Paris two weeks ago and this week, San Bernardino. There is no doubt that terror is on the rise, and it is a threat in the United States.
Husband and wife, Syed Rizwan Farook and Tashfeen Malik, both bent on religious Jihad and with terrorist ties, charged into a conference room filled with many of Syed’s co-workers celebrating Christmas. They were wearing body armor and brandishing military guns. They opened fire, killing fourteen and wounding another seventeen.
The news in recent days has been filled with concerns over religiously motivated terrorism. The country is debating the possible threat from Syrian refugees, while real people are being killed in middle-eastern countries because their beliefs do not line up with their executioners.
But none of this is new.
It’s new to us. Most of us have enjoyed relative security. We’ve been lulled to sleep with our comfort and economic prosperity. But millions of people around the world have been living in terror. It’s an often cited fact that more Christians were put to death for their faith in the last fifty years than the nearly 2,000 previous years of Christianity combined. Terror has been used as an instrument of evil since sin first infiltrated the human race. In fact, it was through a Roman tool of terror that our founder himself was crucified. Crucifixion then, as now, was an instrument of terror.
How do we respond?
We could cower in fear, carry a gun everywhere, be consumed with hatred, or swear ourselves to vengeance.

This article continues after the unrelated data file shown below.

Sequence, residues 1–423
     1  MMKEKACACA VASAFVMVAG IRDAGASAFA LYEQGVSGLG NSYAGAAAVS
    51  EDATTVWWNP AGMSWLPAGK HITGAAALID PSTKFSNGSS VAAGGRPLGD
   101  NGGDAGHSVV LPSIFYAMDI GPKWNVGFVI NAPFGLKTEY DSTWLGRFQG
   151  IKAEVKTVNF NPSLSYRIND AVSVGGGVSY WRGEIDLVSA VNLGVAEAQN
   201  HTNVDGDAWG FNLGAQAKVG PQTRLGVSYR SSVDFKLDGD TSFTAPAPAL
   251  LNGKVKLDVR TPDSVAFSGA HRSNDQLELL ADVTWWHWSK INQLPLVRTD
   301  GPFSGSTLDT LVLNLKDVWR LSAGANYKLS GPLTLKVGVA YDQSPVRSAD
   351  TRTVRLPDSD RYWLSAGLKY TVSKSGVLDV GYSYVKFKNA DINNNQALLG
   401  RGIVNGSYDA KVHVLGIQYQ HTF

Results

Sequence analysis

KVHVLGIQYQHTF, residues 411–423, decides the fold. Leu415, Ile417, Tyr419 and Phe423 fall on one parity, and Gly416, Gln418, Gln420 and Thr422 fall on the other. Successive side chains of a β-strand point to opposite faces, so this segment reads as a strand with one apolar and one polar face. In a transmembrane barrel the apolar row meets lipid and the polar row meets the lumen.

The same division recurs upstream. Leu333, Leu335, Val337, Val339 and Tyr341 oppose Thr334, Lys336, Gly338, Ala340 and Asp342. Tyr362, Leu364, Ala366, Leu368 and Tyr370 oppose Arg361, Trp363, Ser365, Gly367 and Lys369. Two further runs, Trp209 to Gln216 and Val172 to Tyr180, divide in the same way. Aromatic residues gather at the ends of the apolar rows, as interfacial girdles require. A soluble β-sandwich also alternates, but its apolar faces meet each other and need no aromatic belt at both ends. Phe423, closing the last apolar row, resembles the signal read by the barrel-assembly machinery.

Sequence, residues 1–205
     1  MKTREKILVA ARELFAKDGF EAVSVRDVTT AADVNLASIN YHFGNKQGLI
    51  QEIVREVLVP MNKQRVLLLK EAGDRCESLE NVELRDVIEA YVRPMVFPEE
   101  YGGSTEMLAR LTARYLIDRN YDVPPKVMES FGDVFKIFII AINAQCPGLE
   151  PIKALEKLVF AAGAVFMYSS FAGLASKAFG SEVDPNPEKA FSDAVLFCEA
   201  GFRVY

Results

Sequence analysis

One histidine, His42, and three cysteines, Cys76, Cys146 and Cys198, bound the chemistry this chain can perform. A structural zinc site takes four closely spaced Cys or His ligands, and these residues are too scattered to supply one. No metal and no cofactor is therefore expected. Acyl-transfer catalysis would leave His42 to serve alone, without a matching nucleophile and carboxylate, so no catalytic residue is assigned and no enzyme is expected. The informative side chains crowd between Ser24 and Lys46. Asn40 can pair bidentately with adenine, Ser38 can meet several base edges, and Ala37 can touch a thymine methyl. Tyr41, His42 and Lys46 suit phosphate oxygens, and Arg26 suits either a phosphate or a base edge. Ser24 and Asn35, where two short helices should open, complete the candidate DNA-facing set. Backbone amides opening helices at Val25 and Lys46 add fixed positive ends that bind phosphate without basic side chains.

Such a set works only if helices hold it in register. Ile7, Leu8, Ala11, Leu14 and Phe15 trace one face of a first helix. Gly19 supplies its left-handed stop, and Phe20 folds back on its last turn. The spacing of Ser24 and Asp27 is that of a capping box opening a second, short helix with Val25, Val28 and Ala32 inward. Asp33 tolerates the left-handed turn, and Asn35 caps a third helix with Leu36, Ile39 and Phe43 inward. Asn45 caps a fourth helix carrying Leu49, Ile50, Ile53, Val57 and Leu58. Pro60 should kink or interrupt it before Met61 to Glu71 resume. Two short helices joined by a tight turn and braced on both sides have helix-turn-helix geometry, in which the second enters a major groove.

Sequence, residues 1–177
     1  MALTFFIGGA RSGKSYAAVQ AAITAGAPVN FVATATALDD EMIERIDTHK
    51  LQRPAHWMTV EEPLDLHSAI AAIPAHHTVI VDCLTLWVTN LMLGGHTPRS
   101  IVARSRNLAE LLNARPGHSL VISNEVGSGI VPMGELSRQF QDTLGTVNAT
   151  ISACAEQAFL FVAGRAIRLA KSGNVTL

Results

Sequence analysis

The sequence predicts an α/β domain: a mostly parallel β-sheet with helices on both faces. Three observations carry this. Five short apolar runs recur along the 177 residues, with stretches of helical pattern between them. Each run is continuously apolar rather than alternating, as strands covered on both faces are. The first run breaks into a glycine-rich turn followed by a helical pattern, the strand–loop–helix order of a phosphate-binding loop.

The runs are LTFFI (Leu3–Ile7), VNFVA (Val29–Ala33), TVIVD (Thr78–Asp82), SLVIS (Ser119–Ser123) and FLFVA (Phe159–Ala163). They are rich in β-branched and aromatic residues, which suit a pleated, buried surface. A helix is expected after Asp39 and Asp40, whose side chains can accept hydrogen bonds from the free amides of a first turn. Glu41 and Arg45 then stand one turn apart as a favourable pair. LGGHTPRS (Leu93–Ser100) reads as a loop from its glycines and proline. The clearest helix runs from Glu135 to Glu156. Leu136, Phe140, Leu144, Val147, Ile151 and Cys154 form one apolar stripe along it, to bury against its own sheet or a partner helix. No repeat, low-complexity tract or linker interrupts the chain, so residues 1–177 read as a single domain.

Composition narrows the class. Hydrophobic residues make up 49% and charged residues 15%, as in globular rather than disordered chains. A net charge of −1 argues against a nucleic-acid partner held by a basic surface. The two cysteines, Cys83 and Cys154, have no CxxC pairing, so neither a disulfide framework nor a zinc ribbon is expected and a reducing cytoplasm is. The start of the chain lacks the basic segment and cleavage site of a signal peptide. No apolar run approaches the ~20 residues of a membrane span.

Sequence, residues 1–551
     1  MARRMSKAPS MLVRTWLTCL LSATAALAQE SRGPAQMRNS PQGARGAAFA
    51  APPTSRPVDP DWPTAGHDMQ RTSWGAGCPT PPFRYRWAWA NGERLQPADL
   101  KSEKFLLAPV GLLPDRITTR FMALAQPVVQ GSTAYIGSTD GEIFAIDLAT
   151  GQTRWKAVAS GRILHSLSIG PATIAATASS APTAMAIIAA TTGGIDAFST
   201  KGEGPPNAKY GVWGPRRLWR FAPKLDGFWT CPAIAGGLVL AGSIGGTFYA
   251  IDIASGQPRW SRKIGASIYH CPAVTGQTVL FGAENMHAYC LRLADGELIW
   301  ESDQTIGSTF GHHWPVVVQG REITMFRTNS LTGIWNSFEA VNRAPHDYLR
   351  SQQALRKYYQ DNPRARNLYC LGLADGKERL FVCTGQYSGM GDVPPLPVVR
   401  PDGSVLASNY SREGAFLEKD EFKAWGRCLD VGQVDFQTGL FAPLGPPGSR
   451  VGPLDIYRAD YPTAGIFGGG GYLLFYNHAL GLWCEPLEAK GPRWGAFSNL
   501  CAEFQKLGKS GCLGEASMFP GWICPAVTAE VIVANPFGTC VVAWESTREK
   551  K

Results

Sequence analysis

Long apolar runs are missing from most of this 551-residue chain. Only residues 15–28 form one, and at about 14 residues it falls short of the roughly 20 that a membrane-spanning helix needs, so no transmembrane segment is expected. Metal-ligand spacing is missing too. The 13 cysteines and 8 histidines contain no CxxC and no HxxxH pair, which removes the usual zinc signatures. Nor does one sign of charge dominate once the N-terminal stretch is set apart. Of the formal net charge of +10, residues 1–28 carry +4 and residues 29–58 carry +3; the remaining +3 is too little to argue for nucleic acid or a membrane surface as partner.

Or we could live a life of faith, recognizing that the answer is not found in this world’s solutions. We could proclaim the Gospel message with our lives and words and look for the day when Jesus will set everything straight. We can rest on his reminder, “In this world you will have trouble. But take heart, I have overcome the world.”
I’m not saying that we should do nothing. Of course, we should do all we can to squelch evil, right wrongs, pursue justice and promote peace. But for followers of Jesus, we have a Gospel to share and a mission to accomplish: to rescue as many as we can with the promise of forgiveness, salvation and eternal life in Christ. And we have eternity to look forward to. An eternity that will be free of terror, and all other effects of sin, while filled with the captivating delight of living in person with God himself.
We may face the temporal fate that our brothers and sisters around the world have experienced. But if we are ushered into eternity that way, may we bring many with us, never abandoning the expectation and trust that we have in Jesus.